A standard key switch shows the normal positions: ‘lock’ – steering lock; ‘acc’ (accessory) – radio, etc.; ‘on’ – normal running position; ‘start’ – engages the starter motor. A button is sometimes used for the last function.

The electrical system circa 1950.

By turning the ignition switch to its first position, you have made it possible for auxiliary equipment such as a radio to be used without the engine running. This poses a risk of running down your battery, especially on vehicles fitted with a dynamo type generator as the reserve tends to be rather small.

On some cars the ‘auxillary’ position will be accessed by turning the key in the opposite direction, while others will feature some kind of ‘détente’ or safety catch.

At its second position the switch powers up the igniton, i.e. the coil will be energised. The other components of the ignition system need to be in motion before they can have any effect. At the same time, a lamp on the dashboard will light – this may be labelled as ‘ignition’ or ‘battery’ or ‘gen’ (generator) and tells you that more power is being consumed than is being produced. In this condition or position, all of the car’s electrical components should be usable, as this is the position of the key switch during normal running.

The final turn of the key against the spring will pass current to a solenoid which, in turn, connects the starter motor directly to the battery. The job of the solenoid is essentially that of a relay or electromagnetic switch – it allows a small current to control a larger one.

The current used to power the starter is pretty huge by car standards and it requires a very heavy cable. To keep this cable to a minimum, and to avoid bringing it up to the dashboard, the power from the key switch is used to close the solenoid only for the short time that the motor is actually needed. Some cars will also have an arrangement to divert power away from other circuits during the period when the starter is energised. The current is returned to the battery through the engine and, from here, via a cable which connects to the bodywork.

With the engine running (the key switch will be in its second position as before), your generator should now be producing enough power to run the ignition and any of the other systems fitted as standard to your vehicle. Earlier models will be fitted with a ‘dynamo’ – which is to say a DC generator. This type of unit is far less efficient than the later AC alternator, and may not be able to meet fully the demands with the engine idling, so a power supplement may have to be drawn from the battery.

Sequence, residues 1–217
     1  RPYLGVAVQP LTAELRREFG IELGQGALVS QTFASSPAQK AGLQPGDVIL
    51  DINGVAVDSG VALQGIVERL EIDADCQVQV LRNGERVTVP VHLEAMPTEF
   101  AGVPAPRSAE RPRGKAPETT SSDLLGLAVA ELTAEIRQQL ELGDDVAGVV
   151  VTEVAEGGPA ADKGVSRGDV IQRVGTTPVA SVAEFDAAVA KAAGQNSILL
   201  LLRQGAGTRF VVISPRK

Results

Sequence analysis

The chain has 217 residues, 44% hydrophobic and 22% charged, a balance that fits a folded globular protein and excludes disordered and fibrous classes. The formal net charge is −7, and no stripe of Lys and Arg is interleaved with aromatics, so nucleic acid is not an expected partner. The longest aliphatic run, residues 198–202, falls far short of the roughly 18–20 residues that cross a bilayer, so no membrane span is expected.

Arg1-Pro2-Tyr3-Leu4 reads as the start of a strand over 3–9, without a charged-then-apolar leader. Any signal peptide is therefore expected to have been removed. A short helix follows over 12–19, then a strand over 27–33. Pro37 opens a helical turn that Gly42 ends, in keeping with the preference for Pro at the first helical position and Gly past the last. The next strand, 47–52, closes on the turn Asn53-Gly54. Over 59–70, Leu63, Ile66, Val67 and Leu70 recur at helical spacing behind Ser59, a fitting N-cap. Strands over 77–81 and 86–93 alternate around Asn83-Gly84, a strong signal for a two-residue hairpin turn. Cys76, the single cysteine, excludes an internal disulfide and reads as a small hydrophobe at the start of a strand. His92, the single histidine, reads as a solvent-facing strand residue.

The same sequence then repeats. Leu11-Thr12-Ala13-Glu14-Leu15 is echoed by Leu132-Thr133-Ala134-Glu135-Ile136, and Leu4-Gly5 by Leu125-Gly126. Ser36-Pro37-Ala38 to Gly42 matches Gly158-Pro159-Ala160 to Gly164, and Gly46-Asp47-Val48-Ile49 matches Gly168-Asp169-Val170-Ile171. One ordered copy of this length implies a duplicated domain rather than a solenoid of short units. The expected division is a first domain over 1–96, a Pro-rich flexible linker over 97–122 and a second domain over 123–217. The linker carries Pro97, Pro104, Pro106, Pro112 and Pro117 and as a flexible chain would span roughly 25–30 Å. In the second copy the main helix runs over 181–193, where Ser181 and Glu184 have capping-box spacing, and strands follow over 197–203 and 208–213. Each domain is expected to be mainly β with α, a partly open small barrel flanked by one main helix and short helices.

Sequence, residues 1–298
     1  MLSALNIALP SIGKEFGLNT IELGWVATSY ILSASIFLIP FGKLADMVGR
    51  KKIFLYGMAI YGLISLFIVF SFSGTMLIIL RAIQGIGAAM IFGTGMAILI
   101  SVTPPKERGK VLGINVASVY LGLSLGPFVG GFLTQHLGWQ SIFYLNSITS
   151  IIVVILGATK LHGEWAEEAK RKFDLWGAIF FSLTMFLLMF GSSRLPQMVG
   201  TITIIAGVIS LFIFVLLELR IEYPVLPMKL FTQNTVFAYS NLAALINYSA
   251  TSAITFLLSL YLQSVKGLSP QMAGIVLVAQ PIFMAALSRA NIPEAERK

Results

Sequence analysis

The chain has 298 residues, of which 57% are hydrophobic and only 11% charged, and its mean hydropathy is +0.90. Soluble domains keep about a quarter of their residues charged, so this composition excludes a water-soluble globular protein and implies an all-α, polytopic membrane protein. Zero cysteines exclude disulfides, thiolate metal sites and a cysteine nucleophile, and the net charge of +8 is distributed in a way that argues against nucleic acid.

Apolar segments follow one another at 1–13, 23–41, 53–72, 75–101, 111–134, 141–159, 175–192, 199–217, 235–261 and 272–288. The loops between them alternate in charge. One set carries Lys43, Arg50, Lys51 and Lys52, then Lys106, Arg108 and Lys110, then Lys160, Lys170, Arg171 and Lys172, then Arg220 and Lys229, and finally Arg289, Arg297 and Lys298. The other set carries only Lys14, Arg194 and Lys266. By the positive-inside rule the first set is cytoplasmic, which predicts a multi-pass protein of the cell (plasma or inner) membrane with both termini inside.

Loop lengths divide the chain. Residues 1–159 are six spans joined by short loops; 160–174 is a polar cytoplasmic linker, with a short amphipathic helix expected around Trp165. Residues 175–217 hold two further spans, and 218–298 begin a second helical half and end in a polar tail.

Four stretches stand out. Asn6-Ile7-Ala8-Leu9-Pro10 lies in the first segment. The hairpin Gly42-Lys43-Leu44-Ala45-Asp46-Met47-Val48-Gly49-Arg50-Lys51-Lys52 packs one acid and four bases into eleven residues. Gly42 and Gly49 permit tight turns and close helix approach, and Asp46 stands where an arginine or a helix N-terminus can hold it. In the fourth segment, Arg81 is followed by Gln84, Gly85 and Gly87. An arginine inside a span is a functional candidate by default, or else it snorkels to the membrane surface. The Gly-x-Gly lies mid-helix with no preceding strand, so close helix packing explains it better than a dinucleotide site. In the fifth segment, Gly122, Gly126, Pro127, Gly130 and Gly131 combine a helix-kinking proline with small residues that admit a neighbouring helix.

The dynamo is also limited to a top speed of 6000rpm, beyond which it will not be able to cool itself effectively.

The ignition system is thought of as being divided into the HT (high tension/ high voltage) and LT (low tension/low voltage). It also features so-called primaryand secondary circuits – but don’t worry too much about this terminology just yet.

The job of the coil is to provide a pulse of electricity that is able to jump the sparkplug gap in the form of a spark (no really!). In order to perform this task, the electricity has to be transformed from its normal 12 volts up to 60,000 volts or so.

The contact-breaker is located inside the distributor, and by opening and closing it diverts power at regular intervals to the coil which in produces the high voltage.

The distributor is turned by the engine. It derives its name from its job of distributing the power to the individual sparkplugs, which, in turn, ignite the fuel/air mixture. It performs this by means of a rotating contact.

While this combination of mechanical and electrical bits whizzing here and there might sound somewhat ‘Heath Robinson’, it is actually a very simple and elegant means of accurately igniting up to 200 charges per second, and that’s in your simple four-pot engine. It’s a system that has been around for a very long time. It is actually much easier to grasp the function of the ignition system when you have a motor vehicle in front of you.

On pulling away, you may have signalled your intention with a flashing lamp or, possibly, a semaphore type indicator. These will be operated by an electrical switch, which is usually on (or part of) a stalk at the side of the steering column.

The power to the direction indicators, as with many other systems, will also be controlled by the key switch. A flasher unit is also to be found in the indicator circuit and this may be considered a switch also: its job is to create the stop/start flashing of the lamps. The system will usually feature some kind of tell-tale lamp on the dashboard.